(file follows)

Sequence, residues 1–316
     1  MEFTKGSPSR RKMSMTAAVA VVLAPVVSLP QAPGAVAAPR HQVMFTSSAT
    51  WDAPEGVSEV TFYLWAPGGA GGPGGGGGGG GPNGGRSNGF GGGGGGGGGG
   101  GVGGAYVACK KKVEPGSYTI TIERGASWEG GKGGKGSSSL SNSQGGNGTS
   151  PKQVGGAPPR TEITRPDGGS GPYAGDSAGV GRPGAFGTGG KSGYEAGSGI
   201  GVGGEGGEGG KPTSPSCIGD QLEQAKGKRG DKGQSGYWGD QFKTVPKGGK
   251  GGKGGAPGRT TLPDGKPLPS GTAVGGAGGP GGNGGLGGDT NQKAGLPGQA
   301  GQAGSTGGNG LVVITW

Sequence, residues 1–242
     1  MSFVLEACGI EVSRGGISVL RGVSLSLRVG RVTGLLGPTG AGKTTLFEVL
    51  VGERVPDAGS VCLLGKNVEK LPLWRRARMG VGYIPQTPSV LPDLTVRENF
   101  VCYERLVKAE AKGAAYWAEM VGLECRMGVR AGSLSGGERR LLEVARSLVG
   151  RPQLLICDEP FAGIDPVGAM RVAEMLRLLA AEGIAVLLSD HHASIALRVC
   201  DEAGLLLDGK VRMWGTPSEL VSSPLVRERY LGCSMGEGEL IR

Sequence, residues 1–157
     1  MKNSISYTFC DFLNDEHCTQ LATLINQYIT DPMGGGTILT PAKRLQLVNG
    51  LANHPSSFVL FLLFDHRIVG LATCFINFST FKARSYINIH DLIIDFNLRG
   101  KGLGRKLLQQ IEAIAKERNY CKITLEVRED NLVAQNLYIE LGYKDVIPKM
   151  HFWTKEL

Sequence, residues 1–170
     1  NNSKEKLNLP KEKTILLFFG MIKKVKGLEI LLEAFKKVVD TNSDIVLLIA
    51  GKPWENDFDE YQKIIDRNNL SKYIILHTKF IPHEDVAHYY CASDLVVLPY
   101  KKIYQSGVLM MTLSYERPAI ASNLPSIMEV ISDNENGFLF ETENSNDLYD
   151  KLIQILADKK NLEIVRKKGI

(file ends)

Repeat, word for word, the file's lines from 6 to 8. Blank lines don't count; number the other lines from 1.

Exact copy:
   201  GVGGEGGEGG KPTSPSCIGD QLEQAKGKRG DKGQSGYWGD QFKTVPKGGK
   251  GGKGGAPGRT TLPDGKPLPS GTAVGGAGGP GGNGGLGGDT NQKAGLPGQA
   301  GQAGSTGGNG LVVITW